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Case update 12 July 2023

We’re challenging the Home Office’s lack of action on spiking

Monkey Business Images / Shutterstock

The Home Office has failed to publish a plan to tackle drink spiking. Good Law Project is teaming up with The Gemini Project to challenge their lack of action.

Spiking is on the rise. Studies report up to 15% of women and 7% of men have had something put into their drink without their knowledge or consent. Spiking your drink leaves you at risk of assault, robbery or rape. But the Government is failing to take this growing problem seriously.

Good Law Project has teamed up with The Gemini Project, a non-profit which works to tackle sexual violence, to challenge this failure.

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While many of us know someone who has been spiked, there are no official statistics that are routinely published. Recorded crimes of drink spiking increased every year between 2016 and 2019, with more than 1,900 reported in 2019  – the last year for which figures are available. The National Police Chief’s Council told the Home Affairs Committee poor data mean that “the true figure” is “likely to be much higher”. Attacks using needles and vapes are also increasing.

Last year, Parliament said the Government must publish a report on spiking and the steps they were taking to address it. The deadline for this report passed in April, but they have produced nothing.

It’s impossible to solve a problem when you don’t even know how big it is. So we are demanding that the Government publishes the report setting out the nature and prevalence of spiking, as well as the steps they are taking in response which Parliament has required it to do.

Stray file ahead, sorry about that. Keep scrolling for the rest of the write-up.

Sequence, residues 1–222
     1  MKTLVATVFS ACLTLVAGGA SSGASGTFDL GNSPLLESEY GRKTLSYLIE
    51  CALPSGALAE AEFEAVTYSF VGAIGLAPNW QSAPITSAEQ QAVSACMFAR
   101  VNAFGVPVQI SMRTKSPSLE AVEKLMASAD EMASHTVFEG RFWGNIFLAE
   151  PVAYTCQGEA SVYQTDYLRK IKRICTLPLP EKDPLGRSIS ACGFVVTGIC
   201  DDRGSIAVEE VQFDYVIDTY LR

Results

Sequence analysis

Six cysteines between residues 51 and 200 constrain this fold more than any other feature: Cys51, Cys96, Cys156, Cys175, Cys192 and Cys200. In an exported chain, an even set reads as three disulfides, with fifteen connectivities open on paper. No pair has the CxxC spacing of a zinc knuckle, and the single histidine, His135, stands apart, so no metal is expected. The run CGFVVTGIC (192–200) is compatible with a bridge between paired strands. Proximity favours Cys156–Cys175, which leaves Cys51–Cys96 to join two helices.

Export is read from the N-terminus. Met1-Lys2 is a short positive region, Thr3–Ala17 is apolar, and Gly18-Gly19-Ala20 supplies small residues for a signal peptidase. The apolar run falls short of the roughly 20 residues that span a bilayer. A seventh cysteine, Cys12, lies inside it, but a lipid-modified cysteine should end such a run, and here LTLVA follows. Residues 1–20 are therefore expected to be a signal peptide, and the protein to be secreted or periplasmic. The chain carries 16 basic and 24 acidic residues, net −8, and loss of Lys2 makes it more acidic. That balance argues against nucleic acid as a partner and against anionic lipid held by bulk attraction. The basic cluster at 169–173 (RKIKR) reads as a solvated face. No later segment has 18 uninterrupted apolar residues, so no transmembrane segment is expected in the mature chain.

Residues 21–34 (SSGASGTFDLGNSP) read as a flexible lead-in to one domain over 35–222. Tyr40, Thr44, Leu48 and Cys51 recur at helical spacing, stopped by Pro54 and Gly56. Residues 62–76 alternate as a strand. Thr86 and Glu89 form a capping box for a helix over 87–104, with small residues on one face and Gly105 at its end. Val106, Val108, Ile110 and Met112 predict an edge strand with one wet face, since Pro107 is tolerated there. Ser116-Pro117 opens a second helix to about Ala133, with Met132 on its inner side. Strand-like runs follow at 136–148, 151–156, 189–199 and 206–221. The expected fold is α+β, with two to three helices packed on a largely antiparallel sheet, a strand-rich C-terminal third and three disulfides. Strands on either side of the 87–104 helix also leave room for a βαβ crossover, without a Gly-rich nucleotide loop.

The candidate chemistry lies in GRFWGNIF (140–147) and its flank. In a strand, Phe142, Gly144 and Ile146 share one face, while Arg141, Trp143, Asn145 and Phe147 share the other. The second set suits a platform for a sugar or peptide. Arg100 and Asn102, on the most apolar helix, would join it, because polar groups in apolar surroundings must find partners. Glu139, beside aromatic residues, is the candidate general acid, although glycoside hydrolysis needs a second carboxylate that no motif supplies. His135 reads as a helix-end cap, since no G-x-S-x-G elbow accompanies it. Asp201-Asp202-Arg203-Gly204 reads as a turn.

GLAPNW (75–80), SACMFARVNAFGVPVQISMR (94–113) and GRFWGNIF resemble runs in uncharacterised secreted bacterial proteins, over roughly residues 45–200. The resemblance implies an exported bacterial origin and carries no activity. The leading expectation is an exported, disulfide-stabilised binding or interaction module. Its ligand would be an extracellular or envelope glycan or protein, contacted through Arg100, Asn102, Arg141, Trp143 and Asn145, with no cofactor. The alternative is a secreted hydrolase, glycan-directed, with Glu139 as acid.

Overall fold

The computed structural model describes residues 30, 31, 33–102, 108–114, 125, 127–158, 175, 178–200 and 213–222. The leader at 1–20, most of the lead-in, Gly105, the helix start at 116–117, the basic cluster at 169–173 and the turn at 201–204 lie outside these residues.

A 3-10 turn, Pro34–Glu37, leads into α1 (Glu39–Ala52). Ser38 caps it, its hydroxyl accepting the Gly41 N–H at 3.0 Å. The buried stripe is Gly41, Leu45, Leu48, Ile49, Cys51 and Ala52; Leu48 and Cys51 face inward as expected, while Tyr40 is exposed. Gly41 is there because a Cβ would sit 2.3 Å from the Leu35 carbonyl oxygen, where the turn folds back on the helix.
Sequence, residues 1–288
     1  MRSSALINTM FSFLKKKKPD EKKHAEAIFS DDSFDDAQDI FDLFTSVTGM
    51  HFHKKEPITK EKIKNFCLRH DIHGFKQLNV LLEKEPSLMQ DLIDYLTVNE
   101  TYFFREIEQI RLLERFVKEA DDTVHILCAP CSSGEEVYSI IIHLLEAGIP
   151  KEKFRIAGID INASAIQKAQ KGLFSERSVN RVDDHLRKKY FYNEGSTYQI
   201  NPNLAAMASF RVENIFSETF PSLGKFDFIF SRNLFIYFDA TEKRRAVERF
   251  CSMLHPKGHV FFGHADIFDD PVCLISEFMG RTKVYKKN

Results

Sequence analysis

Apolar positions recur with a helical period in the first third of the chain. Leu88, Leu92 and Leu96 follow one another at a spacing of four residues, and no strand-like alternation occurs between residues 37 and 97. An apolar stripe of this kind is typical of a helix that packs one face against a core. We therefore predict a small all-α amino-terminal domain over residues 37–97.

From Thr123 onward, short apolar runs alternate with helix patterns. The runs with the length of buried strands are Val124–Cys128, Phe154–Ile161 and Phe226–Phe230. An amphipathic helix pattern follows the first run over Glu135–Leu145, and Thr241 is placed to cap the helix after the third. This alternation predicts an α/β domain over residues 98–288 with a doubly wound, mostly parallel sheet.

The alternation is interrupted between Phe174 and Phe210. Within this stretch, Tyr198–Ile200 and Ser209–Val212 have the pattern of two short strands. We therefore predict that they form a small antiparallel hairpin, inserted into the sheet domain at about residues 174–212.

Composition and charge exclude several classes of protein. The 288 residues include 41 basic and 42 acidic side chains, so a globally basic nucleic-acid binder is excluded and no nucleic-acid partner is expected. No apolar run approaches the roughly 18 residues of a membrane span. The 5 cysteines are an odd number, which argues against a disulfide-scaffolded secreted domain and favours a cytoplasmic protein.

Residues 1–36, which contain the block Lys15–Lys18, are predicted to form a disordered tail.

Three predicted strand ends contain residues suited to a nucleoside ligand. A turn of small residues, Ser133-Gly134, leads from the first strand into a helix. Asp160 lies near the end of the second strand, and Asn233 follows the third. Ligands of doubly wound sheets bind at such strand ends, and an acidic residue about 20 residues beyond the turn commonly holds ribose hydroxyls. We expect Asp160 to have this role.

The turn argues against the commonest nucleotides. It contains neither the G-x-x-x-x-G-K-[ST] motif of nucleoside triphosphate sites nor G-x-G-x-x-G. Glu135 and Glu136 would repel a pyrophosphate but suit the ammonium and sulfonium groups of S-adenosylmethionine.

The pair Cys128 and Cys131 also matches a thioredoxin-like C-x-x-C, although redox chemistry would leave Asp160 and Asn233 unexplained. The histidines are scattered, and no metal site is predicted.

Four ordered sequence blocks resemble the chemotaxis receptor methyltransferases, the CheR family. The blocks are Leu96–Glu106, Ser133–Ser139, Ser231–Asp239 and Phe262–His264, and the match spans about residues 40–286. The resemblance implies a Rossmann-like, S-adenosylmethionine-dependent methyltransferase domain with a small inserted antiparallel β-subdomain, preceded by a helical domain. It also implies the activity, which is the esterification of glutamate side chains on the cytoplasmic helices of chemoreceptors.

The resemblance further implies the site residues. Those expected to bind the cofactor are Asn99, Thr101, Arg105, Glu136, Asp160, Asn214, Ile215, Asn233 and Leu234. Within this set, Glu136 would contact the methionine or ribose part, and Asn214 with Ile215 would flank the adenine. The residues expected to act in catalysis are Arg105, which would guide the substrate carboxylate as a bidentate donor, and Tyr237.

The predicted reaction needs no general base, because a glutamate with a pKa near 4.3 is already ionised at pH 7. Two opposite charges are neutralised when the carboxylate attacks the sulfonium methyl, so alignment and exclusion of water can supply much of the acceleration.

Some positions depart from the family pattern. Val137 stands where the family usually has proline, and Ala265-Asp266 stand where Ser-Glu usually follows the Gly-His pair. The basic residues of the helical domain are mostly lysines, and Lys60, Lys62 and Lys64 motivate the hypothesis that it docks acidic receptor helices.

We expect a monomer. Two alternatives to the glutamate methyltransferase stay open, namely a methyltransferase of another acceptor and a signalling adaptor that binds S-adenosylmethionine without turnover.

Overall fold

We can’t let the current lack of reporting, resources, training and action leave people – particularly young women – at risk.

Section 71 of the Police, Crime, Sentencing and Courts Act 2022 requires the Government to prepare and publish a report about the nature and prevalence of the act of a person intentionally administering a substance to, or causing a substance to be taken by, another person without their consent with the intention of causing them harm (whether or not it amounts to a criminal offence). The report must include details of any steps the Government has taken or intends to take in relation to spiking. The report had to be laid before Parliament and published by the 28th April 2023 (12 months after the Act was passed). The Government has failed to meet this deadline and as yet no report has been produced. 

The Gemini Project have sent the Home Secretary a Pre Action Protocol letter, arguing that the failure to publish the report is a breach of statutory duty and therefore by definition unlawful conduct. Read The Gemini Project’s Pre-Action Protocol (PAP) letter to the Government here

If you believe spiking must be taken more seriously, and are in a position to help, a donation of any amount would help us fund this challenge and keep everyone safe.

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